(Incidentally, the leaves of the tomato plant are also toxic to dogs.)
The flesh of the avocado is totally safe for dogs — as demonstrated by a Procter & Gamble funded study in 2012.
Beagles ate an extract made from blended avocado pits, skin and flesh for six months with no problems.
You can read the study for yourself. It’s listed in the References below.
Despite the evidence, many organizations that should know better perpetuate the misinformation about avocados.
In doing so, the American Kennel Club, ASPCA and others not only show themselves to be misinformed, but create a lot of unnecessary confusion amongst dog owners .. and deny dogs the benefits of eating avocado.
Even PetMD now acknowledges that avocado flesh is non toxic to dogs and says that dogs would have to eat a large quantity of leaves, bark or peels for it to cause a problem.
The Merck Veterinary Manual says the ingestion of avocado has been associated with poisoning and myocardial necrosis (death of heart muscle) in animals like cattle, goats, horses and birds but says “dogs appear to be relatively resistant compared with other species”.
The persin content of different avocados varies.
Merck says Guatemalan varieties of avocado have most commonly been associated with problems.
According to Whole Dog Journal, one avocado should be fine for a medium-sized dog.
WDJ says too much avocado can cause gastrointestinal upset in both dogs and humans, the signs being vomiting and diarrhea.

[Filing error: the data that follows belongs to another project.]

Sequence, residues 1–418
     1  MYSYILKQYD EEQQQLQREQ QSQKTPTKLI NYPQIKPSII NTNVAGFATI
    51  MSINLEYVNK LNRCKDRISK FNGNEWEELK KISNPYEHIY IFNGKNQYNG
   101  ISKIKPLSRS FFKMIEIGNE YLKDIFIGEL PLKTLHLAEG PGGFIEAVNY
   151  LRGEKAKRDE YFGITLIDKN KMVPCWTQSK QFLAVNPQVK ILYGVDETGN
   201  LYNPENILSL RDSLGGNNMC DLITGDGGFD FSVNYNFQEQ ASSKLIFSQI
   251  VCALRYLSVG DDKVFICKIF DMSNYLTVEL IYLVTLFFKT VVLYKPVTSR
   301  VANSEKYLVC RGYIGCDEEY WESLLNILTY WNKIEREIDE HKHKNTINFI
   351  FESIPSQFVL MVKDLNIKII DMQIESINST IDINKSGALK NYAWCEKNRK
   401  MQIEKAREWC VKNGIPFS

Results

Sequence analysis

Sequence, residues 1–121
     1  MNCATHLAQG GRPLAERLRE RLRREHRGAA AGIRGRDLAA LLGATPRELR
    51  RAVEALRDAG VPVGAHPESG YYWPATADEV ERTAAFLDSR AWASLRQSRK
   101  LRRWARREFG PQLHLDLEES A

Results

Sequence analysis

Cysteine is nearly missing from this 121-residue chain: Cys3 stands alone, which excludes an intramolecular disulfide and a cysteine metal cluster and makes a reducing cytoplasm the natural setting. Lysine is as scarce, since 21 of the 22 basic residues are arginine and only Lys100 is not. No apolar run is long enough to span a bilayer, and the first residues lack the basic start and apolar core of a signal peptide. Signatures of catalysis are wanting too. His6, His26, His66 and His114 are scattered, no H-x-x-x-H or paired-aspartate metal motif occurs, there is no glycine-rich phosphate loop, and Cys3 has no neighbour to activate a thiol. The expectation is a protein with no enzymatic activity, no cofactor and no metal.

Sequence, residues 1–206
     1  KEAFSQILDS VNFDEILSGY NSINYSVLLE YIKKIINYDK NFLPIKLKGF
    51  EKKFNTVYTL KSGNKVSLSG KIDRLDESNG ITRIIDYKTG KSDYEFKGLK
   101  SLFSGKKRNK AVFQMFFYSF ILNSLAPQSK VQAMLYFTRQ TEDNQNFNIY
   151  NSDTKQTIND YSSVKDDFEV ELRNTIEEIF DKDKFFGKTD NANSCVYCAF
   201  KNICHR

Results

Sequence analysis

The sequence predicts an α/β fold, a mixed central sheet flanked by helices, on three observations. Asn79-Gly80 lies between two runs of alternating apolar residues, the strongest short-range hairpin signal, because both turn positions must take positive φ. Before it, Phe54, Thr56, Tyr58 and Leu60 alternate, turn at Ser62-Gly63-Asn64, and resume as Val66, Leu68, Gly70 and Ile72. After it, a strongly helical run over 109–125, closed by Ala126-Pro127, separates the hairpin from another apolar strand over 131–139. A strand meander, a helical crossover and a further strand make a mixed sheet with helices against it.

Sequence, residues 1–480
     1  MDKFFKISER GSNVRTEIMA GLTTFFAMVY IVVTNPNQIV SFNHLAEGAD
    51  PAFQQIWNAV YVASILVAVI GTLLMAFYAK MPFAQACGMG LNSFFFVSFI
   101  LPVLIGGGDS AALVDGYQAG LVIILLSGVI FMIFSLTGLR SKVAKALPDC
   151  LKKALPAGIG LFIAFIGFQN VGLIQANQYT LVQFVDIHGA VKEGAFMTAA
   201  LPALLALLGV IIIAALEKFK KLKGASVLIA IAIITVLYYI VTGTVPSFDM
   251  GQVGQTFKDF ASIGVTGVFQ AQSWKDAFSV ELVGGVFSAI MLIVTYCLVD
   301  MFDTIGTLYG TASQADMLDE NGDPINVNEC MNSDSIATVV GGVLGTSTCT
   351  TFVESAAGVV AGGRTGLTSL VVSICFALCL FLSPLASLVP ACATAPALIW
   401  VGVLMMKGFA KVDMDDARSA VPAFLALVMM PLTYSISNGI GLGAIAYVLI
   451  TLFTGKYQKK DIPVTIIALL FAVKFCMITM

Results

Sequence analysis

But Doesn’t Avocado Contain A Lot Of Fat?
Avocado is high in plant fat, which is healthy for dogs (and people) to consume.
It is the overconsumption of cooked, animal fat that is associated with pancreatitis.
The fat in avocado actually helps your dog’s body absorb fat-soluble vitamins like vitamins A, D, E and K.
Avocado also contains lipase, the enzyme that breaks down fat .. which helps make the healthy fats in avocado highly digestible and bioavailable. This is the beauty of whole foods.
Avocado fat also contains a substance called avocatin B which, according to a study published in the journal Cancer Research, kills leukemia cells while leaving healthy cells untouched.
How To Feed Avocado To Your Boxer
Your Boxer should never eat these parts of the avocado tree:
But nor would you, right?
The highest concentration of the cancer-fighting carotenoids is in the dark green portion of the flesh, closest to the peel, so it’s best to peel the quartered, pitted fruit with your fingers to retain this goodness.
Be sure to feed avocado that’s very ripe.